If Palestinians resist such restrictions or their own displacement, if they assert their rights and their dignity, clashes with soldiers or settlers are inescapable. Violence is inbuilt into Israel’s settlement project.

Israel has constructed a perfect, self-rationalising system in the occupied territories. It inflicts war crimes on Palestinians, who then weakly lash out, justifying yet more Israeli war crimes as Israel flaunts its victimhood, all to a soundtrack of western consolation.

The hypocrisy is becoming ever harder to hide, and the cognitive dissonance ever harder for western publics to stomach.

In Israel itself, institutionalised racism against the country’s large minority of Palestinian citizens – a fifth of the population – is being entrenched in full view.

Last week Natalie Portman, an American-Israeli actor, voiced her disgust at what she termed the “racist” Nation-State Basic Law, legislation passed in the summer that formally classifies Israel’s Palestinian population as inferior.

Yair Netanyahu, the prime minister’s grown-up son, voiced a sentiment widely popular in Israel last week when he wrote on Facebook that he wished “All the Muslims [sic] leave the land of Israel”. He was referring to Greater Israel – a territorial area that does not differentiate between Israel and the occupied territories.

In fact, Israel’s Jim Crow-style policies – segregation of the type once inflicted on African-Americans in the US – is becoming ever more overt.

Last month the Jewish city of Afula banned Palestinian citizens from entering its main public park while vowing it wanted to “preserve its Jewish character”. A court case last week showed that a major Israeli construction firm has systematically blocked Palestinian citizens from buying houses near Jews. And the parliament is expanding a law to prevent Palestinian citizens from living on almost all of Israel’s land.

A bill to reverse this trend, committing Israel instead to “equal political rights amongst all its citizens”, was drummed out of the parliament last week by an overwhelming majority of legislators.

Americans, like other westerners, are waking up to this ugly reality. A growing number understand that it is time for a new, single state model, one that ends Israel’s treatment of Jews as separate from and superior to Palestinians, and instead offers freedom and equality for all.

• First published in The National Abu Dhabi

Netanyahu’s Predicament: The Era of Easy Wars is over

When Israeli Prime Minister, Benjamin Netanyahu, ordered his army to carry out a limited operation in the besieged Gaza Strip on November 12, he certainly did not anticipate that his military adventure would destabilize his government and threaten the very survival of his right-wing coalition.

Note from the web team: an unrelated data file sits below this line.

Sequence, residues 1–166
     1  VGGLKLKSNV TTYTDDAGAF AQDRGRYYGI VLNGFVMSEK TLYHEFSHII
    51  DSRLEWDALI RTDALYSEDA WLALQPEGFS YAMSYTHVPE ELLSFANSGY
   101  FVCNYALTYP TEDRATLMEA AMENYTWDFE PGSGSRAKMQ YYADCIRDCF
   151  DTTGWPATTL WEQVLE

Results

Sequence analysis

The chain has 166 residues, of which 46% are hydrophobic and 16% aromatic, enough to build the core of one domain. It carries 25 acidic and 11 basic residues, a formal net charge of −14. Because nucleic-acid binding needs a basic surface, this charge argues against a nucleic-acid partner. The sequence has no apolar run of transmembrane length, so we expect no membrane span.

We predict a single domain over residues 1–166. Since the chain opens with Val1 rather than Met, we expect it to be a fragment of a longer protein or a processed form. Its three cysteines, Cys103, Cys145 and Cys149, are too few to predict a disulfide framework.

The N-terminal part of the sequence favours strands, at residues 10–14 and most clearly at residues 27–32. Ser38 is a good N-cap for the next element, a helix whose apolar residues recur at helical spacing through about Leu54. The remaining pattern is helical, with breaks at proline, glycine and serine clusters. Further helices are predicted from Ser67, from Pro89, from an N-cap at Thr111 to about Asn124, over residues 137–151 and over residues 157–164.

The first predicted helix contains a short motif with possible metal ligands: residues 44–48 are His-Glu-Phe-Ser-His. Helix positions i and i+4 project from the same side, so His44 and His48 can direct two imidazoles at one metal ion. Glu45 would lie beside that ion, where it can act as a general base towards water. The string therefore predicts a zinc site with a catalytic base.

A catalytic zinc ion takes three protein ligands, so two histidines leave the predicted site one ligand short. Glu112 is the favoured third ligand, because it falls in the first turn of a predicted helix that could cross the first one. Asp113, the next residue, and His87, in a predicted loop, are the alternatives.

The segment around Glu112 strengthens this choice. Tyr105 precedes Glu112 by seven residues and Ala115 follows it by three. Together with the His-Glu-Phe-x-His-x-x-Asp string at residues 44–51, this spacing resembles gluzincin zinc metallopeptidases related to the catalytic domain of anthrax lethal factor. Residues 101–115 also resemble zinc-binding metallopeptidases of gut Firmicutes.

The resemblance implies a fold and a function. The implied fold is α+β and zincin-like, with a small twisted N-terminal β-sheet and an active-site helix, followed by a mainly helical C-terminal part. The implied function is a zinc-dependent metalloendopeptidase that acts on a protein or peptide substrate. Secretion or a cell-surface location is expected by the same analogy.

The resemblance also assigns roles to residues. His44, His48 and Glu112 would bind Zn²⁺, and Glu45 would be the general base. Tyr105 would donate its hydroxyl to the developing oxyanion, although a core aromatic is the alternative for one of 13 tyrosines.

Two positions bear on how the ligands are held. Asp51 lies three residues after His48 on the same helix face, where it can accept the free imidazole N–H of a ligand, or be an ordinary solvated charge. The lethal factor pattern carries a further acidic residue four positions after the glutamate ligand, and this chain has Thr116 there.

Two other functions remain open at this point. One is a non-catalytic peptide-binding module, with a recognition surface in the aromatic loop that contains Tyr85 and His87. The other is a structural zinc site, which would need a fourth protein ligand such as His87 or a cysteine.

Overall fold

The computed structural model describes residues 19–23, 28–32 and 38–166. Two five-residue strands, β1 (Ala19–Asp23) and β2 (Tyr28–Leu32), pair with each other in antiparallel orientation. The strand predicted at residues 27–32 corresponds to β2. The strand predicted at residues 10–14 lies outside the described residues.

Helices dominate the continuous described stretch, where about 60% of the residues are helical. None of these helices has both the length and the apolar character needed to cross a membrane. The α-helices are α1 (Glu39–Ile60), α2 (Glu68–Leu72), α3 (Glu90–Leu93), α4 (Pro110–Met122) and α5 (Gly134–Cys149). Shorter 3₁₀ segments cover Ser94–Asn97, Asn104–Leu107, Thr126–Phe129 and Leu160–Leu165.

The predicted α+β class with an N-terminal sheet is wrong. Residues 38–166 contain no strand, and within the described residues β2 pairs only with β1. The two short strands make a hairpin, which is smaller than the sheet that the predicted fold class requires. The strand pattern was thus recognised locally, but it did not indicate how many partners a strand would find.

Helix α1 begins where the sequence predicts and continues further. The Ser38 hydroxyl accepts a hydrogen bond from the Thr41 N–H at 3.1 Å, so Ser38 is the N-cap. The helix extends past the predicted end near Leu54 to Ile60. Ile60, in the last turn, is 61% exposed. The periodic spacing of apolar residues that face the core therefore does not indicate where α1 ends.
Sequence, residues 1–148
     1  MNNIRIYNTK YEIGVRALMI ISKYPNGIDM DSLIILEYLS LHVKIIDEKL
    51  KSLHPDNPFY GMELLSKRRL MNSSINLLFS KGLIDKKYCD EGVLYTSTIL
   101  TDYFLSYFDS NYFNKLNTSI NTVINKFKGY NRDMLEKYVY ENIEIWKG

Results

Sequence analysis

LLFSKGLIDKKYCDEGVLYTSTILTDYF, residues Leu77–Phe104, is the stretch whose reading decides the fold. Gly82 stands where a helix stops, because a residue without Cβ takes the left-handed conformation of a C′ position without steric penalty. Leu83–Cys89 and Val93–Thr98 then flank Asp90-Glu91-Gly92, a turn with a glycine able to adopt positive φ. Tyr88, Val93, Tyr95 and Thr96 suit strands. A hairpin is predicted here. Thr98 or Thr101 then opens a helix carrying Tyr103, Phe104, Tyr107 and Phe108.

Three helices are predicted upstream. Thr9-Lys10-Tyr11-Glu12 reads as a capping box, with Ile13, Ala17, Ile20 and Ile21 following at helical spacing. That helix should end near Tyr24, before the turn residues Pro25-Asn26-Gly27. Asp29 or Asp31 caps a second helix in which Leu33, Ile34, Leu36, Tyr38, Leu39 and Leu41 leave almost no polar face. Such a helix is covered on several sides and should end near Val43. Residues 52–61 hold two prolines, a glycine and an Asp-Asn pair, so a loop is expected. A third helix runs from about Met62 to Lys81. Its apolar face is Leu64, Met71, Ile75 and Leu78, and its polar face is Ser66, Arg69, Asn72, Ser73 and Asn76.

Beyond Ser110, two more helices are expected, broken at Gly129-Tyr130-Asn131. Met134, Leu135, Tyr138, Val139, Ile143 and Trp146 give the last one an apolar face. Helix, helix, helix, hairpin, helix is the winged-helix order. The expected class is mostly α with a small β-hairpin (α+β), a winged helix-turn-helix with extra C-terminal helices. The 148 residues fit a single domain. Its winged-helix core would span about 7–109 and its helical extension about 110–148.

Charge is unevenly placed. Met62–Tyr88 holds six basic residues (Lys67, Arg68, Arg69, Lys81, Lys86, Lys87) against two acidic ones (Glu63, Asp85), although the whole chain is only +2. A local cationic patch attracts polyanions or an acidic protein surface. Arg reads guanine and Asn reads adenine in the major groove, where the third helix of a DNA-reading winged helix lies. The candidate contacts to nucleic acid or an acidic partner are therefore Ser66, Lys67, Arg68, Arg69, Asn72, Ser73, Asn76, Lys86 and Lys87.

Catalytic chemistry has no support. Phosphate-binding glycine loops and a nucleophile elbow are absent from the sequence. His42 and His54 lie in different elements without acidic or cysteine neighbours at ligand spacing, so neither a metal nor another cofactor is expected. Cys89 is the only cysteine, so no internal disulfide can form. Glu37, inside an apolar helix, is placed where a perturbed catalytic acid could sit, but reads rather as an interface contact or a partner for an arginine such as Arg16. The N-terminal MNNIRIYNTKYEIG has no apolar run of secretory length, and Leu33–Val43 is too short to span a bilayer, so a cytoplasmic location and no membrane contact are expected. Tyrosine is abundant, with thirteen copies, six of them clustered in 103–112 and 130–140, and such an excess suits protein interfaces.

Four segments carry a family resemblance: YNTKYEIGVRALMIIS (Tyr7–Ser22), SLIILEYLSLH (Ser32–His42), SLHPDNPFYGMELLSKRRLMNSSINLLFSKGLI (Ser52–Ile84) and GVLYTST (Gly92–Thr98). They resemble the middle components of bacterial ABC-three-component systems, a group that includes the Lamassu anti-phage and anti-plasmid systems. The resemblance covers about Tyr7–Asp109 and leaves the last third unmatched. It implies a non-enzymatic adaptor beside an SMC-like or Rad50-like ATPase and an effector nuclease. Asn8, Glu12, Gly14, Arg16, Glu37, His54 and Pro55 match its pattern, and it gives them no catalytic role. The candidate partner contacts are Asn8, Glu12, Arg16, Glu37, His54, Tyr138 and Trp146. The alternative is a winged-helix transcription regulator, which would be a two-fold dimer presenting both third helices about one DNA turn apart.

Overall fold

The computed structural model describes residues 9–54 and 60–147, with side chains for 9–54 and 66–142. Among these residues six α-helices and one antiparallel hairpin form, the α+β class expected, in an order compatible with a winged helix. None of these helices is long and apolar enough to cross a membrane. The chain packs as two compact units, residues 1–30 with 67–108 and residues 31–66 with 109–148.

But it did, far more than the multiple police investigations into various corruption cases involving Netanyahu’s family and closest aides.

Thanks to the botched operation in Gaza which led to the killing of seven Palestinians and an Israeli army commander, Netanyahu’s coalition has begun to disintegrate, merely needing a final push for it to collapse completely.

It all began with the resignation of the country’s extremist Defense Minister, Avigdor Lieberman, who quit his post, two days after the Gaza attack, in protest of the country’s ‘surrender’ to Palestinian Resistance.

The even more extreme, far-right leader, Naftali Bennett, was expected to pounce on the opportunity and follow suit. He did not, in a calculated move aimed at capitalizing on the fact that he had suddenly become the government’s ultimate kingmaker.

Now, Netanyahu’s once stable coalition is hanging by a thread, with the support of only 61 members in the Knesset.

This means that the coalition’s once comfortable majority is now dependent on a single MK. One wrong move, and Netanyahu could find himself forced into snap elections, a choice that, at least for now, he dreads.

Netanyahu’s options are growing limited. It seems that the age of striking Gaza with impunity in order to score political points with Israeli voters, is, perhaps, over.

While much political commentary is being dedicated to Netanyahu’s future and the dirty politicking of his right-wing coalition, Israel’s burgeoning problem is bigger than any single individual.

Israel’s ability to win wars and translate its victories to political concessions from Palestinians and Arabs have been greatly hampered, and this fact has little to do with Netanyahu’s supposed ‘weakness’, as his Israeli detractors often claim.

Some Israeli politicians, however, still refuse to accept that the violence paradigm is changing.

Almost every time that Israel has attacked Gaza in the past, Israel’s own politics factored greatly in that decision.

Gaza has been used as a stage where Israel flexed its muscles and displayed the latest of its war technology.